Adjusting the Pediatric Spine

This section is compiled by Frank M. Painter, D.C.
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FROM:   Topics in Clinical Chiropractic 1997;   4 (4):   59–69 ~ FULL TEXT

Gregory Plaugher, DC
Associate Professor
Director of Research
Palmer College of Chiropractic - West
Gonstead Clinical Studies Society
Joel Alcantara, DC
Palmer College of Chiropractic-West San Jose, California
Research Associate
Gonstead Clinical Studies Society Mount Horeb, Wisconsin
Gregory Plaugher, DC,
Associate Professor,
Palmer College of Chiropractic-West,
90 East Tasman Drive,
San Jose, CA 95134

The authors wish to thank Dr. Claudia, Dr. Ernst, Dr. Daniel, and Dr. Susi Anrig
for providing the illustrations used in this article

The subject of chiropractic care of children must by necessity include a discussion of the various techniques chiropractors use to address a subluxation. [1–2] The act of introducing a force into a spinal joint in an effort to restore mobility or alignment is termed an adjustment. This article discusses the technical aspects of adjusting the pediatric spine (ie, occiput to pelvis). Adjustment of the cranial bones and extremity articulations is not covered. The reader is referred to other resources for a discussion of these topics. [3–6]

Although rare, vertebrobasilar injury and stroke can occur following rotational motions of the neck, including those sustained during a rotational-thrust type of adjustive technique. [7] This subject is discussed along with recommendations for technique application in children.


Although it is obvious to practicing chiropractors and their patients, the outside observer may not be aware of the clinical necessity of the spinal adjustment, since few may understand the "why" of this form of therapy. Basically, chiropractors adjust the vertebrae of the spine because signs of articular dysfunction (eg, restricted mobility, abnormal alignment, or inflammation) are present. This "dysfunction" is termed subluxation.

Subluxation, or sprain of a joint, [1] occurs when excessive loads are placed on the spinal column that exceed the elastic limits of the articulation. If the load that is applied is resisted by the individual within his or her normal range of motion, then injury is unlikely. If, instead, the motion segment is moved into the plastic zone, two changes occur simultaneously. First, trauma to the soft tissue-restraining elements (eg, annulus fibrosis or interspinous ligament) can occur, and second, there may be abnormal displacement of the motion segment, but usually less than that seen in a dislocation. Excessive loads can also occur due to compression trauma, leading to damage of the hyaline cartilage end plate8 or fracture of the bony elements. Fracture-subluxations and subluxations combined with additional dislocations can also occur [9–10]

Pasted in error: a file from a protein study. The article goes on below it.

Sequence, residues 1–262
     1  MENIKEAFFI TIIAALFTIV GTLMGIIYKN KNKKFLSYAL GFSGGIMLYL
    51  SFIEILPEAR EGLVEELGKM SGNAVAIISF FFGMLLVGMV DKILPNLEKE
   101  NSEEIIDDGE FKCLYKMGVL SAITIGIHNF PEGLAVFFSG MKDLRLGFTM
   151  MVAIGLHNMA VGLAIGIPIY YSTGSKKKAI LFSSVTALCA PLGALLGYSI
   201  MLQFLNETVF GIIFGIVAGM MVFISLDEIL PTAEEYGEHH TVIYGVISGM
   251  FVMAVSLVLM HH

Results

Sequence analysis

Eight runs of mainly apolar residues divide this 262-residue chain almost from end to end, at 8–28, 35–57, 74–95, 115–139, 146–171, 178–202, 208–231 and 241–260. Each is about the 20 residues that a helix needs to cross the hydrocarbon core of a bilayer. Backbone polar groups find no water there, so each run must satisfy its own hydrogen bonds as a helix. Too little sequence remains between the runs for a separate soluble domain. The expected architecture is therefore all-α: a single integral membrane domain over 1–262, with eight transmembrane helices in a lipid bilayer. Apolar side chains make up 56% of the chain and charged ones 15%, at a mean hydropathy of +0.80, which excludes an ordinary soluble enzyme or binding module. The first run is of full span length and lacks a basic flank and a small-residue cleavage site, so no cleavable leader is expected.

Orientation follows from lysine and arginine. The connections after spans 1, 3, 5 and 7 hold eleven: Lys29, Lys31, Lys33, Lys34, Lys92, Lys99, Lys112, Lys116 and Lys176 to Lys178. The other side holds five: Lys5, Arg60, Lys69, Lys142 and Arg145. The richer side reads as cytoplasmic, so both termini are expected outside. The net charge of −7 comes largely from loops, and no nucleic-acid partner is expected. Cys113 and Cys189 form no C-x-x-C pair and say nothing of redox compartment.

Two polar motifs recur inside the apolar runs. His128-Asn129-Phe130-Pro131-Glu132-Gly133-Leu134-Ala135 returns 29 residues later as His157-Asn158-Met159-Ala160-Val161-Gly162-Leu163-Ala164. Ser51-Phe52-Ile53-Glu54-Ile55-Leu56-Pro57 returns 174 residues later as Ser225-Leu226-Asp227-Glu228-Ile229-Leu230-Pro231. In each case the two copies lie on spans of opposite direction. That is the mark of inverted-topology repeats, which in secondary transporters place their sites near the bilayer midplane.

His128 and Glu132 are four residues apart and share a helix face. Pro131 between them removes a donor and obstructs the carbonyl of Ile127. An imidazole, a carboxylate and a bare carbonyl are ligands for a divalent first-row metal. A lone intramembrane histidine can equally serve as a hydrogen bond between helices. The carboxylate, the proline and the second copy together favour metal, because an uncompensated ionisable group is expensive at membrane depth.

In utero constraint, [11] birth trauma, [12] and a child's everyday activities or specific types of sports or recreational injuries can all potentially lead to damage of the spinal joints. The specific signs associated with spinal subluxation can include pain, limitation of motion, point tenderness, edema, redness, and neurologic changes (eg, altered joint proprioception, nerve irritation, and asymmetric skin temperature). These physical manifestations can vary somewhat in the newborn compared to an adult or adolescent. The positional displacement of the spinal segment can be assessed radiographically, and altered patterns of movement, fixation dysfunction, and hypermobility or instability are further assessed with radiographs taken at the end ranges of movement ( eg, flexion-extension). Gross changes in spinal position can often be detected posturally (eg, structural scoliosis).

In some newborn patients the normal elasticity of the neonatal spine exceeds that of the stretch of the spinal cord, leading to severe injury. This can occur in the absence of significant radiographic alterations and is referred to as spinal cord injury without radiographic abnormality (SCIWORA).

Subluxation Pathology and Back Pain in Children and Adolescents

Clinical research has shown that a variety of pathologic alterations can occur at spinal joints in adolescents. Erkintalo and colleagues [13] studied the development of degenerative changes in lumbar intervertebral discs. In this prospective randomized study, 31 subjects with back pain and 31 subjects without this complaint were sequestered from an original cohort of 1,503 14-year-old school children. The authors concluded that degenerative changes of the spine, including dehydration of the disc (ie, the nucleus pulposus), protrusion, and Scheuermann's changes emerge rapidly following the adolescent growth spurt. The degenerative process occurred in many asymptomatic as well as symptomatic patients.

However, the signs associated with degeneration appeared more commonly in children with back pain and also occurred at an earlier age. These changes, including those ascribed to the Danish physician Scheuermann, are believed to be related to spinal trauma, [14] although genetic factors do playa role.